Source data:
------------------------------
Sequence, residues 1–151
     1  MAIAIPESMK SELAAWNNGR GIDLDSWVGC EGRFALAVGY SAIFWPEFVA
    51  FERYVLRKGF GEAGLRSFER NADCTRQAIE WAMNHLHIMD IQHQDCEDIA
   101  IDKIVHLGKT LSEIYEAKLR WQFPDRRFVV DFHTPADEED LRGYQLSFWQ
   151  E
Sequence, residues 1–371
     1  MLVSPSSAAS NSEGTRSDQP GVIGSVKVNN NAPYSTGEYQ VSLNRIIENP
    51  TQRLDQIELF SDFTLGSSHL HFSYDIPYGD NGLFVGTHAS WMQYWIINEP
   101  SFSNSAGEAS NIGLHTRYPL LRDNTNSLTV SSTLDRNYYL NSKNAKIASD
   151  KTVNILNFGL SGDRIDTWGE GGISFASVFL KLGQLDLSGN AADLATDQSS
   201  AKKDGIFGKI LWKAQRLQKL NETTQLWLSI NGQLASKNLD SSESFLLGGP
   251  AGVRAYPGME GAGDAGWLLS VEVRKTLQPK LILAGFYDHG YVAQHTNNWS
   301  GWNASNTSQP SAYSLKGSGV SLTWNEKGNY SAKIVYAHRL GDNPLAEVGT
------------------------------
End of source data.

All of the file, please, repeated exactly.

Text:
Sequence, residues 1–151
     1  MAIAIPESMK SELAAWNNGR GIDLDSWVGC EGRFALAVGY SAIFWPEFVA
    51  FERYVLRKGF GEAGLRSFER NADCTRQAIE WAMNHLHIMD IQHQDCEDIA
   101  IDKIVHLGKT LSEIYEAKLR WQFPDRRFVV DFHTPADEED LRGYQLSFWQ
   151  E
Sequence, residues 1–371
     1  MLVSPSSAAS NSEGTRSDQP GVIGSVKVNN NAPYSTGEYQ VSLNRIIENP
    51  TQRLDQIELF SDFTLGSSHL HFSYDIPYGD NGLFVGTHAS WMQYWIINEP
   101  SFSNSAGEAS NIGLHTRYPL LRDNTNSLTV SSTLDRNYYL NSKNAKIASD
   151  KTVNILNFGL SGDRIDTWGE GGISFASVFL KLGQLDLSGN AADLATDQSS
   201  AKKDGIFGKI LWKAQRLQKL NETTQLWLSI NGQLASKNLD SSESFLLGGP
   251  AGVRAYPGME GAGDAGWLLS VEVRKTLQPK LILAGFYDHG YVAQHTNNWS
   301  GWNASNTSQP SAYSLKGSGV SLTWNEKGNY SAKIVYAHRL GDNPLAEVGT